Darpana dazzle at Hampi and DIAF
November 23, 2016
Darpana’s participation at two leading dance festivals brought the art connoisseurs much awaited visual treats at both Hampi and Delhi International Arts Festivals. At Hampi, Mallika Sarabhai and Darpana Performing Group had their Bharatanatyam performance on 3rd November 2016. The program comprised the songs selected and performed by Mallika’s mother Mrinalini Sarabhai in her prolific career propagating Bharatanatyam all over the world. Titled ‘Longing for the Beloved…Love Songs to Siva,’ the performance was indeed an offering to every iconic representation of Siva endowed with multiple mythological references. Technically no Bharatanatyam performance can be complete without at least one dance in praise of Siva, but this dance extravaganza celebrated his mighty existence and mysticism throughout the concert.
The show began with ‘Navasandhi Kavuthuvam’ and moved on to the dance of bliss “Aananda Koothadinar.” The padam, “Kandu Sholvay” showed the nayika forlorn, believing that Siva had forgotten her. Pace and momentum of the items reached a peak in “Shambho Jaya” and the next item “Rupamu juchi” brought out the longing again where the nayika questions Siva for being angry with her. This was followed by the vigorous ‘Ananda Tandavam’ danced by Pooja Purohit. “Eppo varuvaro” brought down the pace once again and the aspect of longing was predominant in this piece. The performance ended with a thillana “Shivoham.” The show reiterated the fact that Mrinalini Sarabhai's classicism and scholarship that were instrumental in transforming this art form from a ‘ritual’ to a classical art is relevant even today.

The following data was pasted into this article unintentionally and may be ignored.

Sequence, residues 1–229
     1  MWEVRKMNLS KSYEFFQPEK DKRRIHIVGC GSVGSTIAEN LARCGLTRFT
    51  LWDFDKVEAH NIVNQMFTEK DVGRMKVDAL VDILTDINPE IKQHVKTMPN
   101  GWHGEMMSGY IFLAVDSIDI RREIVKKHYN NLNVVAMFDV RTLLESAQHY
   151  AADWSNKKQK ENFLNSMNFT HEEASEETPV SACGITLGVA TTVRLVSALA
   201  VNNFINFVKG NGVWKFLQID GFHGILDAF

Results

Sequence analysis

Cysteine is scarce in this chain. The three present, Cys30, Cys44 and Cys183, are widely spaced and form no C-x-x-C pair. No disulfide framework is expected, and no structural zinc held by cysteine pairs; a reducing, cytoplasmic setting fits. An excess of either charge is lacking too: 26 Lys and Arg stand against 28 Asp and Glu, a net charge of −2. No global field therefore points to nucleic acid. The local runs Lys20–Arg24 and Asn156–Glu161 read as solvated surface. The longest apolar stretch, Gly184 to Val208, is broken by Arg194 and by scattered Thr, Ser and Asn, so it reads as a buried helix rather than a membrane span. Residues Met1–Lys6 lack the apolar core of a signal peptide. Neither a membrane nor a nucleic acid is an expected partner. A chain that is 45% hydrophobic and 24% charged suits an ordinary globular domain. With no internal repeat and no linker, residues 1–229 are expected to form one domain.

Padam “Tavaro pizhaiyo” was a bold and innovative creation by Mallika, a result of her pursuit outside the codified boundaries of Bharatanatyam. With her own lyrics set to Ragamalika to the original music of Kanniks Kannikeswaran, Mallika addressed issues and pains of a non-heterosexual world making the audience feel the depth of true love above the tag of gender and many other bifurcations that society imposes on humans. Indeed an aesthetic contemplation in dance, most pure that intellect can be.
Swathi Thirunal’s famous Dhanasri Thillana, the last item in the repertoire left the audience spellbound with the duo’s brisk, flawless and decorous movements wrapped in grace and charm. With adept vocal support by Jayan Nair, Annadurai on violin, Palanivelu on mridangam and Manikandhan on ghatam, the performance juxtaposed technically within classicism and tradition, and at the same time opened the doors of experimental aesthetics characterized by a subject-based, inductive approach, taking Bharatanatyam to new vistas.